Treating atrial fibrillation (AF), the most common type of arrhythmia, with what was previously a last-resort therapeutic approach will help reduce the risk of death and stroke in the long-run. From the University of California - Davis Health System, scientists show how cardiac ablation in addition to medication can be beneficial for AF patients.
Catheter-based cardiac ablation is currently only recommended for when drugs prescribed to treat AF aren’t working or are poorly tolerated. Nearly three million Americans have AF, a condition where the heart beats irregularly when the upper chambers of the heart, the atria, quiver while sending blood into the lower chambers of the heart, the ventricles.
Patients with AF may experience lightheadedness, fatigue, shortness of breath, and chest pain, indicating their increased risk of blood clots, heart failure, stroke, and death. Drugs prescribed to treat AF control the heart rate and rhythm and minimize the risk of blood clot formation, but the new study shows that cardiac ablation may be beneficial in the early stages of the disease as well.
"Less than 2 percent of patients undergo ablation early in the course of [AF] when the procedure can be most beneficial," explained lead author Uma Srivatsa. "Our study shows that ablation may be considered as a primary treatment for everyone with the condition."
Cardiac ablation is a process where long, flexible tubes called catheters enter the body through a blood vessel in the groin and travel up to the heart to deliver their energy, in the form of either heat or extreme cold. This energy scars or destroys the heart tissue responsible for quivering in the atria. Conducting cardiac ablation with a catheter through a groin blood vessel makes a less invasive procedure than if it were done via open heart surgery.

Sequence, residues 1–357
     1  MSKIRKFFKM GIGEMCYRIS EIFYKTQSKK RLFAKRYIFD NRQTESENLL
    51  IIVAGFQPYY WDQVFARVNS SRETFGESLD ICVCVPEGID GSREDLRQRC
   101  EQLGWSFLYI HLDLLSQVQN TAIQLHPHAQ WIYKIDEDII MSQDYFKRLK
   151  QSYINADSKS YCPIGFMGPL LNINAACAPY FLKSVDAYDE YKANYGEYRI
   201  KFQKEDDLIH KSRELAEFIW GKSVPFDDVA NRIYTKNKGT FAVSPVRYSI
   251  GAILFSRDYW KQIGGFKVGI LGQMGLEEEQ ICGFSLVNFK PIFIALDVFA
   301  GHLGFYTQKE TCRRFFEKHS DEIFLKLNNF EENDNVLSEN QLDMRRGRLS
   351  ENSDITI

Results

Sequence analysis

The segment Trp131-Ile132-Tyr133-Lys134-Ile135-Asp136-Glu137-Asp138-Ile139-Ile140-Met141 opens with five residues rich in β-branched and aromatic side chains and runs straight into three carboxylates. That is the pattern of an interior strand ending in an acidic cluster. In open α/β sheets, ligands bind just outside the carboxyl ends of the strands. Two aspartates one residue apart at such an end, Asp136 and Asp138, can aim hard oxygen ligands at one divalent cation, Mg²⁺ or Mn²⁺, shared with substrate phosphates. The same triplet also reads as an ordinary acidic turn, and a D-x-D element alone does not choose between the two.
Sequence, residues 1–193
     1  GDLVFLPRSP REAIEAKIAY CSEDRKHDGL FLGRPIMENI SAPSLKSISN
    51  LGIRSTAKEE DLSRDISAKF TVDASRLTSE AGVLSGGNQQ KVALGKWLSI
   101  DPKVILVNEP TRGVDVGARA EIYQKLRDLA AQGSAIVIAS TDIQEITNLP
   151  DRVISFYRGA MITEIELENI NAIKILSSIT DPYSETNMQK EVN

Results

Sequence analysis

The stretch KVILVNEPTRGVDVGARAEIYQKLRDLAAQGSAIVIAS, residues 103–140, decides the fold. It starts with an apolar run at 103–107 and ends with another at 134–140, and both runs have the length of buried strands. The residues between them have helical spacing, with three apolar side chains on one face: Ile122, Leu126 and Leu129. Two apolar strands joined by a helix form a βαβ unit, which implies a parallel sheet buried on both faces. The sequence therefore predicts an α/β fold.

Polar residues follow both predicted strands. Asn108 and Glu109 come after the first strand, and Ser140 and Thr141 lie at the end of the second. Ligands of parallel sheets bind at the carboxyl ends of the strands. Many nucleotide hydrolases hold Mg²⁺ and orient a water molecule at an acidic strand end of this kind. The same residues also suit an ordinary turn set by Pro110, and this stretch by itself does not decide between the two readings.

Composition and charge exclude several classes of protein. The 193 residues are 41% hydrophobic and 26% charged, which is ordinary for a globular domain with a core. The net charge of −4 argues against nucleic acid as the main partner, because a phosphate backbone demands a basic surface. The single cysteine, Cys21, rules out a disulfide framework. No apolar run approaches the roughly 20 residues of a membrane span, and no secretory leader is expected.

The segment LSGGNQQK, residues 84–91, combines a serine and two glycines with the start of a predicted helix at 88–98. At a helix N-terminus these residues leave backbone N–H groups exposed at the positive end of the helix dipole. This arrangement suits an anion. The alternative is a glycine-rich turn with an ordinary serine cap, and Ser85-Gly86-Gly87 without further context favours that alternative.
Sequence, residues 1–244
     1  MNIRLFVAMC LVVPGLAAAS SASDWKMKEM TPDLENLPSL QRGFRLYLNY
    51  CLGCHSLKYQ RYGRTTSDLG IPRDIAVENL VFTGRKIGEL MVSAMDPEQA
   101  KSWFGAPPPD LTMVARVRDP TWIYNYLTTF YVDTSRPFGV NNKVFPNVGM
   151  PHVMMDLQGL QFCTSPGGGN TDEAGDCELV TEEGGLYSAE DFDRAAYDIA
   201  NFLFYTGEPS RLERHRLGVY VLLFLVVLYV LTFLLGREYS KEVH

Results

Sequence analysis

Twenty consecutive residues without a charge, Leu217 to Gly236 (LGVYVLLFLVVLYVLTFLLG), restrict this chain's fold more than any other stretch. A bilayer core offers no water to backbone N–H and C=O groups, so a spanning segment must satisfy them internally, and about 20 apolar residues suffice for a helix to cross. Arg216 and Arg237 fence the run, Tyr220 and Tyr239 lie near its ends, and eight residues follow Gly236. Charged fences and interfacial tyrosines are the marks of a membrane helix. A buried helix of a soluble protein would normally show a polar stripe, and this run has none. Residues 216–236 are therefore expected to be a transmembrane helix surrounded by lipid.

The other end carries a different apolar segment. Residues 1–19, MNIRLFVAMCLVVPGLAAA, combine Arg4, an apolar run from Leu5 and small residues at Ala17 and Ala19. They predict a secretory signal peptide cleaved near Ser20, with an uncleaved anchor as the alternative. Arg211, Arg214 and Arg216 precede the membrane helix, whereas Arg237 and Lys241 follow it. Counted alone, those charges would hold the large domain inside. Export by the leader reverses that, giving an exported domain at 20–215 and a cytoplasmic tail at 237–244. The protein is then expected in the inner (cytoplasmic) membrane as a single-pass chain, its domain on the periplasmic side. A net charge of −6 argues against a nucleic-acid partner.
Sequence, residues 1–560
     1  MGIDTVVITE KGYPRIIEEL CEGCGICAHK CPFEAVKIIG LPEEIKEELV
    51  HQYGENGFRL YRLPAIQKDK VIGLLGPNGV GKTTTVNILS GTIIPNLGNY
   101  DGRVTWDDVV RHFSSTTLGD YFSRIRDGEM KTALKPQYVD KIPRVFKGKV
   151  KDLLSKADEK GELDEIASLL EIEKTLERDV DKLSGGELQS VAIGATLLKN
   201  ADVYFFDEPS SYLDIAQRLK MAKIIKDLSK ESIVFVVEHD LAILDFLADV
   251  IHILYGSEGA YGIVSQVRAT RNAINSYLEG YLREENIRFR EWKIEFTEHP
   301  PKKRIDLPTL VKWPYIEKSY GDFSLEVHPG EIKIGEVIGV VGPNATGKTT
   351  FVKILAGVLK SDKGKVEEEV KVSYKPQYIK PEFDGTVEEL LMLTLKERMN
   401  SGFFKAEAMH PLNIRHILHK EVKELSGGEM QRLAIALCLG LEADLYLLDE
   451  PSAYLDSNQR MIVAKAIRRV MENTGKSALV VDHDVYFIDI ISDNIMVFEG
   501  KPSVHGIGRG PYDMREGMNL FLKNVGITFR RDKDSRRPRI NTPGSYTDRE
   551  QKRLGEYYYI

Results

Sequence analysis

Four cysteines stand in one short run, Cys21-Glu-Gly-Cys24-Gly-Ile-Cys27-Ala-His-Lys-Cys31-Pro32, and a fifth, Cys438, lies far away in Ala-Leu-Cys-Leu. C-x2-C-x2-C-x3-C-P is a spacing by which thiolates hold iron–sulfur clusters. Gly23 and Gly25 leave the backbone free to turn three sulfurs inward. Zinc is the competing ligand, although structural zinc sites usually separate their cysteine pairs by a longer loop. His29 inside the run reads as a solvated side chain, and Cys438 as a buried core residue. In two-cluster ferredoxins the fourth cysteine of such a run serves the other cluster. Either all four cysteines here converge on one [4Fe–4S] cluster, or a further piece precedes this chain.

In the past, studies of cardiac ablation showing that the procedure was not safe or beneficial enough to conduct in the early stages of AF produced inconsistent results. Additionally, after a closer look at their methodology, researchers found that many studies limited the diversity of their study subjects and conducted controversial data collection.
In contrast, the new study evaluates AF treatment outcomes over a long period of time, collecting data from a large population of multi-ethnic participants with similar health statuses, eliminate confounding variables. Researchers compared two study groups of four thousand diverse AF participants. One group was treated with ablation, and one was not. Other AF factors were nearly the same.
After 30 days, the group who received cardiac ablation were less likely to die and less likely to have a stroke.
The present study was published in the journal Circulation: Arrhythmia and Electrophysiology.